The ‘Our Common Future Under Climate Change’ conference in Paris made clear that urgent action is needed to avoid the worst effects of climate change. A wide range of possible solutions were discussed. Carbon dioxide Capture and Storage (CCS) was frequently mentioned as an important option for a low carbon future.
Ton Wildenborg, CO2GeoNet President, presented one of the keynote talks and Ceri Vincent, CO2GeoNet ExCo Chair, spoke about assured geological storage capacity in the parallel session ‘negative emissions for climate change stabilization and the role of CO2 geological storage’. Ceri also a attended several of the plenary and parallel sessions relating to climate variability and change, tipping points in the Earth system and pathways to a low carbon future: In almost all these sessions, Carbon dioxide Capture and Storage (CCS) was discussed, either in the presentations or in the following discussions. The view on CCS was generally positive, through the agreement on the technology readiness level was not always homogeneous. During the conference, CO2GeoNet, EERA, GCCSI and IEAGHG prepared a joint press release to reinforce CCS as a viable and flexible climate change mitigation technology ready for deployment.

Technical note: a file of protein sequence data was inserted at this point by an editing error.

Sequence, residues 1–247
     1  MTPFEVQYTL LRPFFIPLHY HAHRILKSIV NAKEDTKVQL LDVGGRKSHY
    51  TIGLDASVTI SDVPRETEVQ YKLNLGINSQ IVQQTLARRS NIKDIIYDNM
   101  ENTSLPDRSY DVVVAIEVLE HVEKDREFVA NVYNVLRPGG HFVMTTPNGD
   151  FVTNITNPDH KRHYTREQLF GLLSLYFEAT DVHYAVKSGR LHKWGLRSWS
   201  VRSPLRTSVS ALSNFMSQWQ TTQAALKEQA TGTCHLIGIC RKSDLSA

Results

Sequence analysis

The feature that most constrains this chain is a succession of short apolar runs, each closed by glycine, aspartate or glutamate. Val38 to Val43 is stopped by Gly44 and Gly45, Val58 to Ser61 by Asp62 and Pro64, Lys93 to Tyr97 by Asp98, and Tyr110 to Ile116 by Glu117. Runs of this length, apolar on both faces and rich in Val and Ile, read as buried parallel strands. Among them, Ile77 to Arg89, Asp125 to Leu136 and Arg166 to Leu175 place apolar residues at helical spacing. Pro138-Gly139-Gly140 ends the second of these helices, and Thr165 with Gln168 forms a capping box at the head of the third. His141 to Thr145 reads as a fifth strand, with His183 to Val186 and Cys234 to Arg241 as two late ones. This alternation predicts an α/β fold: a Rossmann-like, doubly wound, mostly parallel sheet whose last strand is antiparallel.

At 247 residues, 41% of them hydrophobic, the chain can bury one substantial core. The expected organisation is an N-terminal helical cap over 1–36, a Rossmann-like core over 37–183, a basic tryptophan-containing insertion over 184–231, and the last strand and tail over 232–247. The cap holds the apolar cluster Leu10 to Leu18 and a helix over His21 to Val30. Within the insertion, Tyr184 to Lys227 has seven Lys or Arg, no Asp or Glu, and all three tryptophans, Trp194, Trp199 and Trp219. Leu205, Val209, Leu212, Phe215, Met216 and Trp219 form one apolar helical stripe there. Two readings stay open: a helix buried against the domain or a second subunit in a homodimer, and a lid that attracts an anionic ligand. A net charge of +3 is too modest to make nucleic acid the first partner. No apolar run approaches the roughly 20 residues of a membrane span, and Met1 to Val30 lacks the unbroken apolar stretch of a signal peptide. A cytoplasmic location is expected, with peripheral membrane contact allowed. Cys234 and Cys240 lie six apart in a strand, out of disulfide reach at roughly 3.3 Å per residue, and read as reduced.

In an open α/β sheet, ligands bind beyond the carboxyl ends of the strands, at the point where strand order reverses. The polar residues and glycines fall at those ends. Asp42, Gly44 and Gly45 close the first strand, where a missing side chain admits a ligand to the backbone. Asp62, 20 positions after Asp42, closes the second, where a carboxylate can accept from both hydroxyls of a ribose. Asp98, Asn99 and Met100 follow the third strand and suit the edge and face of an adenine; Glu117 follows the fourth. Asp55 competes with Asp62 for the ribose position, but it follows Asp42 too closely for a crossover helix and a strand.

Another interesting viewpoint, expressed by various stakeholders during the conference, was that we are currently undertaking a global-scale experiment by not reducing our emissions (‘it’s all leaking at the moment’) and all the models suggested the outcome of this experiment would be a less than positive experience for the human race. The view expressed at the conference was that compared with this ‘global experiment’ it seemed a less risky strategy to demonstrate/deploy well-researched mitigation techniques/technologies (‘comparatively small scale experiments’) than to do nothing about our emissions.